October 17th, 2012

Not a review: _The Art of Organizing Everything_

There will probably be a review shortly, altho one never knows; this might be all I ever have to say on the subject.

I've been attempting to get a better sense of how people implement tickler files. I was at the library in Mayberry for book group on Monday and checked this general organizing paperback out. It is excellent; Rosalie Maggio is a relentlessly cheerful organizer, full of ideas, but succinct.

However, like all organizers, she periodically descends into madness.

On page 164, when she describes the annual purge of the filing system, she says this.

"At that time, you bundle up the credit card receipts, put a rubber band around them, print the year in bright red, and store them with the previous years' receipts. Ditto for the year's medical insurance records, the year's utility bills, and the year's bank account statements. Storing can be as simple as a brown paper bag in the attic or as fancy as colorful bins in a dry place in the garage."

As the publication date is 2009, I'm going to give her a pass on the idea that these things maybe don't _exist_ on paper in your filing system. I do, however, question the idea of getting a single rubber band around a year's worth of credit card receipts. I question the idea of keeping all those credit card receipts for the entire year. And I find it breathtaking to contemplate keeping them, _intentionally_, beyond the end of the year (I feel bad when I do it unintentionally). Worse, however, is that she doesn't actually suggest every throwing them away, as near as I can tell, which suggests that thermostatic record of the lunch you had with three friends last Sunday will still be deteriorating years after it has become completely illegible in a rubber banded paper bag in your attic.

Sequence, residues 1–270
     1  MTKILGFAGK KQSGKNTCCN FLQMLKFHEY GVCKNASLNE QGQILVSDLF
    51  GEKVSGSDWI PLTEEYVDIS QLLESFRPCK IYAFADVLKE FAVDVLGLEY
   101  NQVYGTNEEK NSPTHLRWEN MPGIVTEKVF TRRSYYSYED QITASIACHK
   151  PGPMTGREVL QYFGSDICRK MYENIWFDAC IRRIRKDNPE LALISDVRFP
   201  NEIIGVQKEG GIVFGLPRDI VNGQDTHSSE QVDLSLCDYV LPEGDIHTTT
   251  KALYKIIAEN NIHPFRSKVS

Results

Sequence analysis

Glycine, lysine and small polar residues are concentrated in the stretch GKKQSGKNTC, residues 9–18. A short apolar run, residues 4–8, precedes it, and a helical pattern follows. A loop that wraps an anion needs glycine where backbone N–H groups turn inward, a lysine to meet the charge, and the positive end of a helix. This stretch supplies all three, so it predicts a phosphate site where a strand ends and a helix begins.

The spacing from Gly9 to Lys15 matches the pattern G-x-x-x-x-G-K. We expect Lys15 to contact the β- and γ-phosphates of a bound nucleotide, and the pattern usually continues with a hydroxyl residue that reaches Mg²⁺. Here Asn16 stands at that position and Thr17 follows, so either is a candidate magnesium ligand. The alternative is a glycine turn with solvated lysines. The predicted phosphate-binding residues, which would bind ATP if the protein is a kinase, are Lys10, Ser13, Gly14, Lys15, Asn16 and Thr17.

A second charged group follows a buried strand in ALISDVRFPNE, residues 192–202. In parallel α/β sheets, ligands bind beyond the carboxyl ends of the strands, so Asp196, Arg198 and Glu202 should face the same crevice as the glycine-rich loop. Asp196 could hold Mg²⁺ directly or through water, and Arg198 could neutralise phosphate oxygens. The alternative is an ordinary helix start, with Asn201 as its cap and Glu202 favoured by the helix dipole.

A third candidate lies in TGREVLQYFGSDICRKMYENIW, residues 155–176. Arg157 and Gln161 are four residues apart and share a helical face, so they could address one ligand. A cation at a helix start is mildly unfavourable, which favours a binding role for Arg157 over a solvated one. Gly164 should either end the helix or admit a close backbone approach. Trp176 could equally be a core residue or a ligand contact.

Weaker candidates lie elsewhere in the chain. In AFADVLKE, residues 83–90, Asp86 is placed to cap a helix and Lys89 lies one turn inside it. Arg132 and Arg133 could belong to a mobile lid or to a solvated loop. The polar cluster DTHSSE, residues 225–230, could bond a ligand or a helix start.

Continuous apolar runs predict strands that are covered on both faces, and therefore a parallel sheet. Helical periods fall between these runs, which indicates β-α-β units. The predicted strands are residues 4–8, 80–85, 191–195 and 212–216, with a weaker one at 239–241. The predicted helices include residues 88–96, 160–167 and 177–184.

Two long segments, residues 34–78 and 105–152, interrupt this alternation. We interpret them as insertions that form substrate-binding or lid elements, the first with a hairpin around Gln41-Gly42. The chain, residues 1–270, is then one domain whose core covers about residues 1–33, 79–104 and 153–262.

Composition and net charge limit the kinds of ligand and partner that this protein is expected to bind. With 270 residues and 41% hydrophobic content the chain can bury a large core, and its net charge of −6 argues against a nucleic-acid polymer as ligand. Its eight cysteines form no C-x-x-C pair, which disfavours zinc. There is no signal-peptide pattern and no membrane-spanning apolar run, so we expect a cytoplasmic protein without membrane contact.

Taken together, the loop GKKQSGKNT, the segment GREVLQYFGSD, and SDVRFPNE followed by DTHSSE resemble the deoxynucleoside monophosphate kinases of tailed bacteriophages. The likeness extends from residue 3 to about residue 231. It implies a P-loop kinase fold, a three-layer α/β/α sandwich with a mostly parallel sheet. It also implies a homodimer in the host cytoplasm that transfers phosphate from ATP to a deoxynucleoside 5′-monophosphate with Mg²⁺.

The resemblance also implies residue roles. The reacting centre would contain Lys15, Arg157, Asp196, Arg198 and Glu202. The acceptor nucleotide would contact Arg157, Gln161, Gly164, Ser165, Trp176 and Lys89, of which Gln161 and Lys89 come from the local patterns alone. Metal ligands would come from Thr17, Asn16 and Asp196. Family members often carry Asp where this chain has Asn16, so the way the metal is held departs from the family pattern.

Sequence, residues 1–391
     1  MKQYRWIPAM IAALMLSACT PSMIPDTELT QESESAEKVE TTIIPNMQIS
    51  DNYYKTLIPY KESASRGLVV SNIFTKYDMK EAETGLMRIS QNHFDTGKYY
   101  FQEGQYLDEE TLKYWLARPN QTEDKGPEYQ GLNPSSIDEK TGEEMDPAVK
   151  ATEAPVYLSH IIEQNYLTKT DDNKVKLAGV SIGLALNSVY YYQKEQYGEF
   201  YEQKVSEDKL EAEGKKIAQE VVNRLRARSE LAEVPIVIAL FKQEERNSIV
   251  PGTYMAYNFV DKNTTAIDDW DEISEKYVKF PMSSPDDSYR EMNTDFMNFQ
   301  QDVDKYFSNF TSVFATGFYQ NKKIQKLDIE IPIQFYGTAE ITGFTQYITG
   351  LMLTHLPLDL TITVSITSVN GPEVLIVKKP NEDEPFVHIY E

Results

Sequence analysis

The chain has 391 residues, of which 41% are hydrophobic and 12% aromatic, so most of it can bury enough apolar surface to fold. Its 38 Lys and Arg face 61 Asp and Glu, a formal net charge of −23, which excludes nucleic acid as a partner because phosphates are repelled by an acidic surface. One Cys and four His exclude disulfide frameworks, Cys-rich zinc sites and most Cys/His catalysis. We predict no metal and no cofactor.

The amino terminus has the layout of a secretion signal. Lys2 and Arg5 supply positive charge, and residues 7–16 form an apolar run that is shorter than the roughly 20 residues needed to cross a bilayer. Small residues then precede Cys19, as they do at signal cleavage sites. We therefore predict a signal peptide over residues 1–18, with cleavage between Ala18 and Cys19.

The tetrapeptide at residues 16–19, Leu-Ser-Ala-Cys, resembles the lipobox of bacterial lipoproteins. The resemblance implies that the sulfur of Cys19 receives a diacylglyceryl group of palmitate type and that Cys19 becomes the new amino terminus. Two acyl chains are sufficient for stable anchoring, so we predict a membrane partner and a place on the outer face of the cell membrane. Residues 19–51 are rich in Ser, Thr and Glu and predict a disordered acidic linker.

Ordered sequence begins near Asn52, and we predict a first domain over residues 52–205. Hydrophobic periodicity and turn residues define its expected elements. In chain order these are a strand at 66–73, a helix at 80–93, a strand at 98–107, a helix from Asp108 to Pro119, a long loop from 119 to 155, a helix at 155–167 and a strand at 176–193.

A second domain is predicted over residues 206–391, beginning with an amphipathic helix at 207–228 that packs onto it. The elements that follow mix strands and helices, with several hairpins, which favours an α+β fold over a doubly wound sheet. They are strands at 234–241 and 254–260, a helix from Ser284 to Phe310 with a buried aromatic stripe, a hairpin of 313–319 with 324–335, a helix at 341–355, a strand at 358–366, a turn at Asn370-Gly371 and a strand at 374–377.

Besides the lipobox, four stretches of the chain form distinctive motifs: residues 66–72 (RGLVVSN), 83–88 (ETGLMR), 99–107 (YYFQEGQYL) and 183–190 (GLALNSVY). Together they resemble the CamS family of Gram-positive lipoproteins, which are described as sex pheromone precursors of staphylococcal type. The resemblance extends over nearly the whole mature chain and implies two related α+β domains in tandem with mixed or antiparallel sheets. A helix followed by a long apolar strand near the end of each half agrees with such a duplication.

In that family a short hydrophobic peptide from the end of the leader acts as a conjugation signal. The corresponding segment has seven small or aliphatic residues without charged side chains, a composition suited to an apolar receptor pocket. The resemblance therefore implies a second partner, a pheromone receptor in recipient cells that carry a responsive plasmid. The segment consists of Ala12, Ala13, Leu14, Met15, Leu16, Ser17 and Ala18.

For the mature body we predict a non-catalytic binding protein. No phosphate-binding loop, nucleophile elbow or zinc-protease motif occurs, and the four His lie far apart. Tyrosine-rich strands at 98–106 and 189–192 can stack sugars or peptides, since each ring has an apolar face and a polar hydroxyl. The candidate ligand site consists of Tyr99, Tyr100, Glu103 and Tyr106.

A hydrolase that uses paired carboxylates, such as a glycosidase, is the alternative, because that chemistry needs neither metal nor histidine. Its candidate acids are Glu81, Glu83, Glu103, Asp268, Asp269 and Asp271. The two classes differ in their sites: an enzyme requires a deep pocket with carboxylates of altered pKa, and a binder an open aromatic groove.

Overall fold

Like entirely too many people, she produces the usual ridiculousness about how long you should keep tax returns: forever -- particularly if you've committed fraud. Because, after all, people who commit tax fraud are the kind of people who keep records forever. I guess we could all worry about the IRS coming after us decades hence for fraud, whether we had committed it or not.

But why would you worry about that? If someone is going to audit your return, it's going to be within 6 years, or the quality of your record keeping is _not_ going to be the primary thing keeping you out of jail. Your ability to find and pay a truly high quality law firm will be determining your future at that point.

Stopping Junk Mail, Revisited

I found dmachoice fairly early on in the process; it's not completely obvious yet whether it's making a difference or not. It's sort of the junk mail equivalent of being added to the Do Not Call registry.

Rosalie Maggio mentioned CatalogChoice several times and I finally went to look at the site. I added the most recent catalogs that I hadn't had the get-up-and-go to actually call and cancel through the browser entry system; pretty simple and easy. Then I looked at their subscription service to stop info-brokers from selling your data; seems a little expensive and kinda overkill.